I agree that size hurts people in the draft and such, but that all becomes irrelevant once you step on the floor and action begins. You don't think Lamar Odom thinks about Rashard Lewis being a 2nd round pick when he plays head to head against him do you? He sees a tough matchup and great player and he's got to go against that. I know that isn't a size issue, but it's the same point. Draft position is irrelevant, and thats the biggest area I think smaller players are 'discriminated' against. They'll fall in the draft, but if they got game, they'll play, even if they were undrafted.

This is all based on your comment about there being more Iversons if they'd let the smaller guys play - And thats what I do not buy. These guys do get the chance to show their stuff, and if they had even half the talent that Iverson has, they'd be playing in the league.
 

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I buy it. I completely understand what Sting is saying, and totally agree. The league does has a history of shunning small point guards just because their little. I think alot of times skill has little to do with making the league for alot of guys when you're under 6'0". And if you don't believe me, go ask Scoonie Penn, Shaheen Halloway, and Rashad Phillips. And Tyus Edney won a freakin NCAA championship for Christ's sakes, and where is he at? Clawing to stay in the league. Nowadays, for a little man, it seems like you have to be extremely lucky to make it (Dana Barros, Travis Best, Earl Boykins), or breathtakingly athletic, (Spud Webb, Muggsy Bogues, Speedy Claxton, Allen Iverson). It's just the plain hard truth that tiny guys don't get as fair a shake as big, stiff, 7-footers drafted to take up space, or ultra-athletic tweeners drafted only on sheer potential. Charles Barkley said it best, "When a little guy makes it to the league, you know he can play."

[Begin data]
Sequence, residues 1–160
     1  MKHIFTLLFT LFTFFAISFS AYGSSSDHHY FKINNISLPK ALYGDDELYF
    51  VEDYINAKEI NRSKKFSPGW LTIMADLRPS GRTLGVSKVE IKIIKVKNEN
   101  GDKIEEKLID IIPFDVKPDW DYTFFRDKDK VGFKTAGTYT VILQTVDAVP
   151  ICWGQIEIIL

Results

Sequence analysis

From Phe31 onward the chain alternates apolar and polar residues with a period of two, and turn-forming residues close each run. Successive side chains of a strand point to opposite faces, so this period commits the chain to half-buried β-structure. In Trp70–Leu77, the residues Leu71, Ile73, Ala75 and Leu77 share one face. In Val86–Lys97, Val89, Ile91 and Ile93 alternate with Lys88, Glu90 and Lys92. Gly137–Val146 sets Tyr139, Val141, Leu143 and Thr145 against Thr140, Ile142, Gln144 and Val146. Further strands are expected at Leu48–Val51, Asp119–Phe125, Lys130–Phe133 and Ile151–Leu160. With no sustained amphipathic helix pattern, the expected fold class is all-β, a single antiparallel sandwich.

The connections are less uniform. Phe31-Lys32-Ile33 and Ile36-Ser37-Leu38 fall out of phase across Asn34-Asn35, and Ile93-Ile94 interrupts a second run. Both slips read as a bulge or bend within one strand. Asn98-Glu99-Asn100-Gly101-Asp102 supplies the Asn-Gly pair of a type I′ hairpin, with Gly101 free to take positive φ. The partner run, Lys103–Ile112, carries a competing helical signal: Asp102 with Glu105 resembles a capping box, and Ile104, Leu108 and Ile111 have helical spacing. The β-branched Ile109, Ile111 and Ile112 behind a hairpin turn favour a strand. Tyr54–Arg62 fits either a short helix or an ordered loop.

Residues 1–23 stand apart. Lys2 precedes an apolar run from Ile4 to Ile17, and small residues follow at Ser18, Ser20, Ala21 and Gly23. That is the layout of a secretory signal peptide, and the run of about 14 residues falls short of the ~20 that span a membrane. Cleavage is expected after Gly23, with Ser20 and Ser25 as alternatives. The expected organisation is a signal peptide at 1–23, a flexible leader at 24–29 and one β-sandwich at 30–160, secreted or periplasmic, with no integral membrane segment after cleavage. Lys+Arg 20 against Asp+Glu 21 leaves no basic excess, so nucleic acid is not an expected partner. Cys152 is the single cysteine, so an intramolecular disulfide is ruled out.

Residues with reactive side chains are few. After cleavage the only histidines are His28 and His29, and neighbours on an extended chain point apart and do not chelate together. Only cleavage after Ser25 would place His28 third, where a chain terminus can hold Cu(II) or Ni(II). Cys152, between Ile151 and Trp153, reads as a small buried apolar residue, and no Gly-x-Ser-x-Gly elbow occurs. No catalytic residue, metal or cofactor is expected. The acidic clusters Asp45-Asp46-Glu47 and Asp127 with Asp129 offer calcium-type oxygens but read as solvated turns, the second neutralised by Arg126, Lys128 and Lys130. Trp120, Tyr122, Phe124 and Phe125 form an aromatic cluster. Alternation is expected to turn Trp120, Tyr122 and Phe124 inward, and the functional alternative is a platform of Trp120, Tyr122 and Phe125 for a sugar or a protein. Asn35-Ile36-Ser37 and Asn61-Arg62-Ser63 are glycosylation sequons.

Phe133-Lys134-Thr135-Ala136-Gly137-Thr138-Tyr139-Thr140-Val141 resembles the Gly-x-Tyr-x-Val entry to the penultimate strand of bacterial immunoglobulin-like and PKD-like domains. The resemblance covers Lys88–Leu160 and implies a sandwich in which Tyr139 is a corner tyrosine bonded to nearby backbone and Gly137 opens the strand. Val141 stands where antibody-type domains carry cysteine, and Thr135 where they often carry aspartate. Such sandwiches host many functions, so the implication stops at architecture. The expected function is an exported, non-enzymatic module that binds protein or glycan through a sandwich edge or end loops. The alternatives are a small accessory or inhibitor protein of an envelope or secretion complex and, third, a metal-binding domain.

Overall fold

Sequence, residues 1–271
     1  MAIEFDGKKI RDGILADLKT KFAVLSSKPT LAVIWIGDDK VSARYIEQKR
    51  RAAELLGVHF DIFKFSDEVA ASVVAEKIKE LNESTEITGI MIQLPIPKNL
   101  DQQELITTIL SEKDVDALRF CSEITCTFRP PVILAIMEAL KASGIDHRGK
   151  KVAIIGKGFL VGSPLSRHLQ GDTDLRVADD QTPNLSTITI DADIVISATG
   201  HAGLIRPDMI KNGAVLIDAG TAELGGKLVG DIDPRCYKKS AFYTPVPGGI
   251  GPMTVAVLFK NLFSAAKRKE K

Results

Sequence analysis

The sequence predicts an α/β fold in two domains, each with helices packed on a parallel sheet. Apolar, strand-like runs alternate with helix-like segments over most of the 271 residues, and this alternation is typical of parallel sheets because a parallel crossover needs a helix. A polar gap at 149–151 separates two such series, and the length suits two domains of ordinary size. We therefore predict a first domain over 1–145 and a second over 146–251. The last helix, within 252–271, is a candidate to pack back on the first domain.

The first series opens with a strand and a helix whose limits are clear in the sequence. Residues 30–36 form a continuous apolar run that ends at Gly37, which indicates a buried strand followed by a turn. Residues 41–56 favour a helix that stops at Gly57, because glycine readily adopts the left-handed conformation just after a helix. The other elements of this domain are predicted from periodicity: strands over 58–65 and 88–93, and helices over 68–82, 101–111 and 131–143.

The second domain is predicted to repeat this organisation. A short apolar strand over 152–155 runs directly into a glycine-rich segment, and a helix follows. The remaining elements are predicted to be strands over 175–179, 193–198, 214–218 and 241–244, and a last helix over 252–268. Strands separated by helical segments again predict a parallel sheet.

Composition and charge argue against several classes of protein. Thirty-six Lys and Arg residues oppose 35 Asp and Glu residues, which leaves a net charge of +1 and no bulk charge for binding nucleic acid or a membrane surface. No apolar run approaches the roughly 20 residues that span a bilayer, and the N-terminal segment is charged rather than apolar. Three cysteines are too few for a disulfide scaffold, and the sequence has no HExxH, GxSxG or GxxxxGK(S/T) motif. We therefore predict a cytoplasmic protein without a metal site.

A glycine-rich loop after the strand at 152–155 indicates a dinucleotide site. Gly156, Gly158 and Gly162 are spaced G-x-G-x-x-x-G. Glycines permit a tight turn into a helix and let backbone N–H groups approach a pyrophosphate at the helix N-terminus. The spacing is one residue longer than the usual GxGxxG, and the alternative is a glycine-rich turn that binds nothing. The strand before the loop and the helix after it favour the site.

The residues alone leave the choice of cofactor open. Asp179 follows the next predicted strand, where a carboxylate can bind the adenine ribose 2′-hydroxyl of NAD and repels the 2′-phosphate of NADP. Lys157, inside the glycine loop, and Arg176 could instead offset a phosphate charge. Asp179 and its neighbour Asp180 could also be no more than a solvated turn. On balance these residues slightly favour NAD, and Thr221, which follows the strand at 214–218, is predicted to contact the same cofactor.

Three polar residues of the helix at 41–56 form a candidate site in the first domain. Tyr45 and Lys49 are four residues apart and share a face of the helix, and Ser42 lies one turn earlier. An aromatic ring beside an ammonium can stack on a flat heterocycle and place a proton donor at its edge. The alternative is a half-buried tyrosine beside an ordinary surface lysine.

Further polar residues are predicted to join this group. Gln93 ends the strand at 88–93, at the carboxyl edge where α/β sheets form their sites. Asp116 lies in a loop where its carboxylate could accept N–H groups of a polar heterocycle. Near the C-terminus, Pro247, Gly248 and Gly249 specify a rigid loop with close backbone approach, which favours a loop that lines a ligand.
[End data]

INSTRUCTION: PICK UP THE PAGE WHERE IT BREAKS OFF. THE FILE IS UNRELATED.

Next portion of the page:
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With size it is like insurence for the team, it is safer to get a 6-6 PG that can dribble, pass, shoot, and defend, than get a 5-10 PG that has the exact same skills. Teams need to find ways to get miss-matches on the court in the game any way they can. And getting a 6-6 PG with all the skills of a 5-10 PG in a big advantage on defense and offense. And why are you using Logan as a example, he got to the NBA, yeah he was not a lottery pick and should not of been one. But he is in, it is in his hands to show what he can do, if a small PG can play he will get in, but the main thing is on defense, teams don't want tinny PG's because they get killed on defense. Just look Shawnte Rodgers, he was a 5-7 PG that scored 20-25 points a game on George Washington, but he was not picked because he would get killed by the bigger PG's in the NBA. It is just a safer bet to take a big PG compared to a small one.
 

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I really don't see it being unfair either. I mean if an undersized point can score in the NBA he will find his way on a team. Logan wasn't a first round pick for more reasons that just his height. I'm a huge Logan fan but he isn't very quick and he can't jump. His playmaking skills and passing skills from the point are questionalbe. He only played on year at the point (Satterfield handled it when he was a junior and sophomore) and he didn't exactly do a lot of setting his teammates up. He proved to be a very good shooter with an excellent understanding of how to use the glass and pull up for the mid-range jumper. I think even if he was 6'1" or 6'2" he wouldn't have went top 20. Just look at Frank Williams.